Inorganic linings usually consist of sintered metallic friction material such as metal powder containing in addition a proportion of some substances such as e.g. graphite reducing the tendency to snatch or seize, and/or some substances such as e.g. silica increasing the frictionproducing properties. Such brake materials naturally have a high heat resistance, and the coefiicient of friction is only less influenced by the rubbing speed; however in such sintered metallic materials there is a relatively high rate of wear under given conditions in comparison with brake linings produced from the aforesaid organic materials.
Moreover, such sintered materials tend to break up at their edges and to be noisy in use, especially when subjected to high compression, as for example in the linings of disc brakes.
Therefore, it is a principal object of this invention to provide a friction composition which possesses a relatively stable or desirable coefficient of friction throughout its wear-life on the clutch, brake etc. but without tendency to break up at their edges.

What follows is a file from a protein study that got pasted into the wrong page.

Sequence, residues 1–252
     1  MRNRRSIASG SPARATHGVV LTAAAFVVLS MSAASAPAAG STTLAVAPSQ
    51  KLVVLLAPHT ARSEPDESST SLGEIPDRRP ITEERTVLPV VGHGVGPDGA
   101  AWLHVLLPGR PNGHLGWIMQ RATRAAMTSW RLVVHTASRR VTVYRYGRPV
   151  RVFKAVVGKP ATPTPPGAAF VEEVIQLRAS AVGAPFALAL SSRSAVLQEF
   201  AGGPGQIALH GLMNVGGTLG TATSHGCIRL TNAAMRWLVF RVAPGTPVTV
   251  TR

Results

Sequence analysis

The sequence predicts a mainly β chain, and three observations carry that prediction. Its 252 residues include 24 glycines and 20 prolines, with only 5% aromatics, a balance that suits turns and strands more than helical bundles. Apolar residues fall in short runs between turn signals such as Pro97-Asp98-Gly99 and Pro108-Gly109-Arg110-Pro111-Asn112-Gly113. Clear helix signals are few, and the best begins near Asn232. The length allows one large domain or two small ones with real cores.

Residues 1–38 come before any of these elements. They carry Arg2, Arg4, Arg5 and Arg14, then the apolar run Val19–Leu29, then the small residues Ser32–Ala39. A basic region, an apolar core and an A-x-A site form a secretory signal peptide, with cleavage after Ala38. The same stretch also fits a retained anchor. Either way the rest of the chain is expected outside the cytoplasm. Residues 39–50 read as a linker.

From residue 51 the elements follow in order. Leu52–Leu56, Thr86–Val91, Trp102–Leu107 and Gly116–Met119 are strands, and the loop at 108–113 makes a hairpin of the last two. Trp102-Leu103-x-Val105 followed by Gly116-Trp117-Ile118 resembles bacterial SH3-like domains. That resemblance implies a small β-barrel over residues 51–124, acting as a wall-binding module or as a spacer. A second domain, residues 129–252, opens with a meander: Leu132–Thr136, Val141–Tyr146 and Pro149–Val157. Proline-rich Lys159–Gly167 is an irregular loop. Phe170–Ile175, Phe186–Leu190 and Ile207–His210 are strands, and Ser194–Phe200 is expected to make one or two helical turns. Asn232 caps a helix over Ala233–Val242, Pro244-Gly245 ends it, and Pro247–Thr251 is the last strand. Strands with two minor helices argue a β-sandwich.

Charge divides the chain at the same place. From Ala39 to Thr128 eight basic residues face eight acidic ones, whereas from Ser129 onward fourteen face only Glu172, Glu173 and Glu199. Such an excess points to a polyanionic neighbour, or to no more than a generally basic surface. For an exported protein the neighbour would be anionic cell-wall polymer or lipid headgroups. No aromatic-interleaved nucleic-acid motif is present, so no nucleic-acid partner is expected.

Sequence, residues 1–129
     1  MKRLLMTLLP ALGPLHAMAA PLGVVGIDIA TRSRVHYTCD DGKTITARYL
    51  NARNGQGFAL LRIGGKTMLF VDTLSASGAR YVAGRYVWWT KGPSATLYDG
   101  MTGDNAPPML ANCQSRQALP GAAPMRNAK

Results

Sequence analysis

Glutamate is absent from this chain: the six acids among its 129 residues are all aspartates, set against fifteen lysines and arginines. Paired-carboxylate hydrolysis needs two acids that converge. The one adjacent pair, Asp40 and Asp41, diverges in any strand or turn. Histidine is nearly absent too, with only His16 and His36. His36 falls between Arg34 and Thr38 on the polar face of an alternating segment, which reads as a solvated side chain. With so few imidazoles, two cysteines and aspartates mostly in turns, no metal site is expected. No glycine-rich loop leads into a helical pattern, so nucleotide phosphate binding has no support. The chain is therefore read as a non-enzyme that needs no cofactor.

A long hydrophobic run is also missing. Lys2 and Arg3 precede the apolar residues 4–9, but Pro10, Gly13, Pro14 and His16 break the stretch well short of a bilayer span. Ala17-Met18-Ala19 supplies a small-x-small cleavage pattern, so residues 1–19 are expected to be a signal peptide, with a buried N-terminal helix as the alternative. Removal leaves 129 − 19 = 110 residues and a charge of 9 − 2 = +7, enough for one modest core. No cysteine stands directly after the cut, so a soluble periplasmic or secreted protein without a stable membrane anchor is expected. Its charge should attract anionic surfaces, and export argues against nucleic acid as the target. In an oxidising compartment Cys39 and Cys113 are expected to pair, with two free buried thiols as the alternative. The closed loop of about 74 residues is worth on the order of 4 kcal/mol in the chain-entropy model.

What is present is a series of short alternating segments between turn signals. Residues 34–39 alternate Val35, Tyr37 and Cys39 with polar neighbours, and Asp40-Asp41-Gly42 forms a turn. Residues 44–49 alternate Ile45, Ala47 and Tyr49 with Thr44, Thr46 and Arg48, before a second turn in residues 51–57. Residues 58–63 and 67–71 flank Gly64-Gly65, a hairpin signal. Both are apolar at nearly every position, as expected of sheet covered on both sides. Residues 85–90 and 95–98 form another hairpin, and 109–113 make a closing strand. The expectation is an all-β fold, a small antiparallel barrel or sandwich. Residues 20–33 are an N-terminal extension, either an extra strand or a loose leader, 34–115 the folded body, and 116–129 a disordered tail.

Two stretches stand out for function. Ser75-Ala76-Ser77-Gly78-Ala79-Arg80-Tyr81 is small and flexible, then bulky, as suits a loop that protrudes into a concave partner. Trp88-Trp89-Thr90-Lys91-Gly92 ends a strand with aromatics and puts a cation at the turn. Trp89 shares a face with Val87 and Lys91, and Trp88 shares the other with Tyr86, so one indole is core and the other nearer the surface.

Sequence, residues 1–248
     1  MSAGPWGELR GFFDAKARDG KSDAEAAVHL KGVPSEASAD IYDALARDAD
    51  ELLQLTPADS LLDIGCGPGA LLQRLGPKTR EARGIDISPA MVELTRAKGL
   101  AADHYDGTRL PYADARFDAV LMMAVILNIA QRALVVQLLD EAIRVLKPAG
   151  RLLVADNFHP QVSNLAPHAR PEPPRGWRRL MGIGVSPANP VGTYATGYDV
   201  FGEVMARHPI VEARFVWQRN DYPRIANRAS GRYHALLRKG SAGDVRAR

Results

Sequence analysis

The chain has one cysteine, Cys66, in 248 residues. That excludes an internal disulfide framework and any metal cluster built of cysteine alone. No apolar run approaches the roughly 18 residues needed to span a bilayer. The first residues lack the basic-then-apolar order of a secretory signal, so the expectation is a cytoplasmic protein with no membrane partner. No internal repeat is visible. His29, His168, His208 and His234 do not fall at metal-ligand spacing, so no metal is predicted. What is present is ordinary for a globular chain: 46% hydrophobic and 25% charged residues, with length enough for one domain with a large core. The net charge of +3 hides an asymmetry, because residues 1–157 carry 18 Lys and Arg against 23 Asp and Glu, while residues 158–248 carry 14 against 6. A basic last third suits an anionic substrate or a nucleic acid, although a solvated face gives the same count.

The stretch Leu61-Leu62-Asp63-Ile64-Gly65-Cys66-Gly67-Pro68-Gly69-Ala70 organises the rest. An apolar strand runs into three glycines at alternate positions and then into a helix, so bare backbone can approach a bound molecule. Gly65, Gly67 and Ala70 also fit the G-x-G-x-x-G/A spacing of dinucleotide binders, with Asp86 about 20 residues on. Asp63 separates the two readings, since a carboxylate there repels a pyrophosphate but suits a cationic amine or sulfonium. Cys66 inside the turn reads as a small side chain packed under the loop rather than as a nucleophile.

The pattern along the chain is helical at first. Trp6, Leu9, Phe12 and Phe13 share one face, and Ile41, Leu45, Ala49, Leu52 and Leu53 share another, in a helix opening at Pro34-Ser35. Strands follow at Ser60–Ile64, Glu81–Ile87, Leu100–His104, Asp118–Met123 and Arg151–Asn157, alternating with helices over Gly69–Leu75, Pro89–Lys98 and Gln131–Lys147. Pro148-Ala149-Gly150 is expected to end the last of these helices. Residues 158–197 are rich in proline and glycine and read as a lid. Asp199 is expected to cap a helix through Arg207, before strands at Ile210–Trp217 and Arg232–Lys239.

A further object is to provide such a friction lining composition which, by reason of resistance to high temperatures, is especially suited for use in the linings of disc brakes.
A still further object is to provide a friction composition or article in which sintered inorganic material after having been ground into small particles is utilized as a principal friction-producing filling agent in a matrix made from said organic friction material, for use as brake or clutch linings.
A still further object is to provide a friction composition which will maintain substantially uniform frictionproducing surfaces after repeated operations under high temperature conditions and in heavy duty applications.